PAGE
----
I really thought this year's anniversary would be better. I had a real good cry and moping about on Monday. I bought clothes for two NICU babies and thought about how I won't ever buy clothes for my sons. I cried, let the kids eat whatever they wanted for dinner, they watched too much television and went to bed late.
But as the week progressed things got better and all of my friends remembered my sons. They wrote me inspirational notes like the one from Joy and another from Laura . And then I met strangers at Red Robin who reminded me of how lucky I truly am.
I assembled these beautiful goody bags for two moms and babies in the NICU at Glendale Adventist Hospital. The hospital that my sons were born at and, if they had lived, would have spent the first weeks of life. I bought baby clothes, hats, and mittens, luxury items for mom like lotion, kleenex, fuzzy slippers, acrylic frames, face cloths, a journal and disposable camera. I had so much fun shopping that I went over my budget by quite a bit and still had to force myself to stop. In fact, the items barely fit in the gift bags.
My visit to the hospital was great. My husband came with me, but then sat in the car with William. It was so nice to have a conversation that focused on the twins rather than wrestling a squirming baby or reminding a preschooler to 'not touch'. First, I gave the maternity ward nurses a box of chocolates and a heartfelt thank you note. They were truly the silver lining in that sad day two years ago. They were so kind, thoughtful, and caring. They allowed me to cry and grieve. And then just 10 1/2 months later when William was born they remembered me and realized that his birth would be bittersweet. They were gentle and kind allowing me to be fearful of the epidural and take my time in William's labor and delivery.
I went upstairs to give the goody bags to the NICU nurses. It felt so strange to tell people I have gifts for someone I don't know. A cheery lady greeted me in the elevator commenting on how exciting that I was visiting a new baby. I told her no. I was dropping off these gifts in memory of my sons who were born still. I was so amazed I was able to say it with a smile and cheerfully. It really was a nice visit. The nurses were very grateful and chatted with me for some time about my sons, my living children and how did I find the time to do it all. That was the only time I began to cry. I said, "I just do [find the time]. Its a priority to celebrate their short life, but without allowing it to consume my living children's lives." The nurses were very excited about the goody bags and I told them to get used to it. Soon I would be dropping off quilts.
So I expected today, our train trip to San Juan Capistrano, to go just as smoothly. Despite the fact that we were 2 moms traveling with 5 kids ranging from 4 years to 9 months. Despite the fact that it was raining, after all what's a little rain on the windows of the train. We had planned everything for our train trip to the last detail. Our layover in San Juan Capistrano would be 90 minutes. We would get back with enough time to go to bed early and spend some time with Daddy. I had packed snacks and toys. I borrowed a double stroller (ironic, huh?). We were set.
Until I got a phone call from Amtrak at 8 am. "Hi. Your train is stuck in LA. You will get on a bus in Glendale and travel 20 minutes to LA where you can board at 9:40 to go to San Juan Capistrano." Well, this scared me since the children would be on a bus, on a busy freeway without seat belts or car seats. But I decided to be adventurous because quite frankly I had no other choice. At 10:30 we were still in Glendale with no bus in sight. There were no Amtrak attendants available at the station, there were no updates, and when we called the 1-800 number the operator was useless.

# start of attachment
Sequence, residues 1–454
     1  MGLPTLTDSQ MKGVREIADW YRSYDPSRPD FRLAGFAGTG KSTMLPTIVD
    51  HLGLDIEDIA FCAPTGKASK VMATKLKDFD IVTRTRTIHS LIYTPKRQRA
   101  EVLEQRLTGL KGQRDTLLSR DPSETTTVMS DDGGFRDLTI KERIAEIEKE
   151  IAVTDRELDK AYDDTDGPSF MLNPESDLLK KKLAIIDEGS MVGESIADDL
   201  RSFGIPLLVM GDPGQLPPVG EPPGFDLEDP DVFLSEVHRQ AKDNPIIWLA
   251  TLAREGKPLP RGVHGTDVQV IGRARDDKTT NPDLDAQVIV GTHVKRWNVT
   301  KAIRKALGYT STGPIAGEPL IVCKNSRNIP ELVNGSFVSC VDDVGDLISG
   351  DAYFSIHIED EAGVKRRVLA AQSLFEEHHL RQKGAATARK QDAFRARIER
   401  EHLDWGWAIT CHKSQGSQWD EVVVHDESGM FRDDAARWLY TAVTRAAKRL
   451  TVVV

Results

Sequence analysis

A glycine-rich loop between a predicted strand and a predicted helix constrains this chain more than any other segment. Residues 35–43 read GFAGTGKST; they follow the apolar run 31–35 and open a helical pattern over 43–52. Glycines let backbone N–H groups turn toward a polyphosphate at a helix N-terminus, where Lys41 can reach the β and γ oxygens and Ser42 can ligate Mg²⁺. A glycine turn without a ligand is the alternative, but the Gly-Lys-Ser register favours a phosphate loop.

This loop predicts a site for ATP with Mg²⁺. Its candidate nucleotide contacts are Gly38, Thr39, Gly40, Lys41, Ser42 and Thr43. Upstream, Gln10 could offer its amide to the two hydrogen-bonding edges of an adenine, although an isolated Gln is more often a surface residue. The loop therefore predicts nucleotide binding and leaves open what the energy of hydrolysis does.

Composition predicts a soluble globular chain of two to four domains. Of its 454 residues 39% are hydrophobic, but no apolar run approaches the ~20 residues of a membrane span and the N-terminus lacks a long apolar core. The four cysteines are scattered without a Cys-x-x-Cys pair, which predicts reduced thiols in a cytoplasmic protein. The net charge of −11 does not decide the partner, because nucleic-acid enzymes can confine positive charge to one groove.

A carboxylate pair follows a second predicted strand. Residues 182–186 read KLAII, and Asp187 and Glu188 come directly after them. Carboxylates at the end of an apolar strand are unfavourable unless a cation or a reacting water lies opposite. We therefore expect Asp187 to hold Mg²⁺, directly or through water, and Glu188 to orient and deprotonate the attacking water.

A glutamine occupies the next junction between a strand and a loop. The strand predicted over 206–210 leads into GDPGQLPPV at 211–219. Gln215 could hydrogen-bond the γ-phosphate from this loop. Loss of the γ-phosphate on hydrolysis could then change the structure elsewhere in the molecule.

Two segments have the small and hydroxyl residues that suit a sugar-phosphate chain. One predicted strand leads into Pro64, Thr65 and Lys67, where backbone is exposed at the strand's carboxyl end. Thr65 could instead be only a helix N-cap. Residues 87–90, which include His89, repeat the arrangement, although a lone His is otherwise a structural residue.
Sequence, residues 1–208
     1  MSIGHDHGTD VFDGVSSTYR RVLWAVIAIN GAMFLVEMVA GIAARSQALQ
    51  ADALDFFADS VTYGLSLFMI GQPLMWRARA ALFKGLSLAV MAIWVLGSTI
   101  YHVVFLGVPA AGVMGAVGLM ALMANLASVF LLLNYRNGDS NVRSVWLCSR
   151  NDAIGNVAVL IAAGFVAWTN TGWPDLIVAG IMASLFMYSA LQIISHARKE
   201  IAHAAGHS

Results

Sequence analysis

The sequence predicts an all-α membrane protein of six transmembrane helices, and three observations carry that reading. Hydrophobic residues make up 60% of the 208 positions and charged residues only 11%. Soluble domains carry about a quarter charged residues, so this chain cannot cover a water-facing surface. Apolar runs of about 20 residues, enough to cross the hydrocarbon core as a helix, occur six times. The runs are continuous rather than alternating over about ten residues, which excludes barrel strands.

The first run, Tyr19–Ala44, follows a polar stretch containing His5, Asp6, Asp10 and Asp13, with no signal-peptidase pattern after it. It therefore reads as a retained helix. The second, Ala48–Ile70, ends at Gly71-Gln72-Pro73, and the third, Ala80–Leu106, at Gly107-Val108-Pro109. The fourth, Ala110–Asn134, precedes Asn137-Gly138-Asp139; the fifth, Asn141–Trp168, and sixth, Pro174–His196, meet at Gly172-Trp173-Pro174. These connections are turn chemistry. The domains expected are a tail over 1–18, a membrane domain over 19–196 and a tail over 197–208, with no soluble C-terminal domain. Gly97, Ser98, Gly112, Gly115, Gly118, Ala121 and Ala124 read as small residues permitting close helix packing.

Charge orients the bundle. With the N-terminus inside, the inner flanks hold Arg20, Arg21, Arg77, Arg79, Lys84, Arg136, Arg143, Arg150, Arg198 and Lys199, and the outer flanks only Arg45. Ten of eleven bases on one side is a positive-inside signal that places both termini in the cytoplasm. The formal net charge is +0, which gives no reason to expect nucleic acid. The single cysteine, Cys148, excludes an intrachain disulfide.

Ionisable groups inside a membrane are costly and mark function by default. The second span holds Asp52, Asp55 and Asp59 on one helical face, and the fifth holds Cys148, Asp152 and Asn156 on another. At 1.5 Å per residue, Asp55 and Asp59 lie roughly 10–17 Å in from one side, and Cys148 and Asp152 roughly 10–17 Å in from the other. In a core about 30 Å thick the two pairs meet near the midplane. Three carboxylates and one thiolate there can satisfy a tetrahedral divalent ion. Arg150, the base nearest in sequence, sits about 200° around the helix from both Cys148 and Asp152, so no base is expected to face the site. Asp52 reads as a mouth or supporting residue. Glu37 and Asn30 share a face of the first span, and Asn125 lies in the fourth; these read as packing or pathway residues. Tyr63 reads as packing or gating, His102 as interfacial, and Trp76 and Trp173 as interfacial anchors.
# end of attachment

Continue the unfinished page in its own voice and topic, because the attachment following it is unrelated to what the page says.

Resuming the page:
We finally boarded the second bus (as the first one was full) with the promise of arriving in LA in time for the 11:10 train to San Juan Capistrano. Yup. We were on time. Too bad the train wasn't. "Not to worry it should be there at 11:30, or 11:45, well, to be honest we just aren't sure", was the official word we got from the Amtrak employees. The kids were hungry and tired and still hadn't been on a train. I was becoming defeated and just one more outburst away from tears. It wasn't supposed to happen this way! The train trip was to keep me from remembering the twins and crying all day. Instead it became one big hassle and I still hadn't left Los Angeles.
I was done. I was fed up. I went to a ticket agent demanded a refund and wanted a FREE ticket back to Glendale, seeing as they just abandoned us in LA with no hopes of heading south. Three people were unauthorized to give us free tickets. But a sweet lady named Rosie understood our plight - maybe that's because she could hear the preschoolers banging on the vending machines and she could see the babies snoring in the twin stroller. She gave us a carry on pass. I'm still unclear as to what that is, but I do know I didn't pay for it.
To celebrate our refund and ticket home everyone got Cheetos from the vending machine; Connors were the flaming hot variety of course. We ended up on a train eventually; for 10-minutes just to get back home. They seemed content with their adventure out once they were fed Happy Meals.
I just don't feel like I celebrated their anniversary sufficiently. We never made it to the Cemetary. I just can't bring myself to go there and see the plot without a headstone. It is so depressing. I feel like I have failed them once again because after two years there is still no headstone.
I guess I shouldn't complain too much. I was too busy fuming at Amtrak to cry about my sons. And after all, I had a much worse day 2 years ago.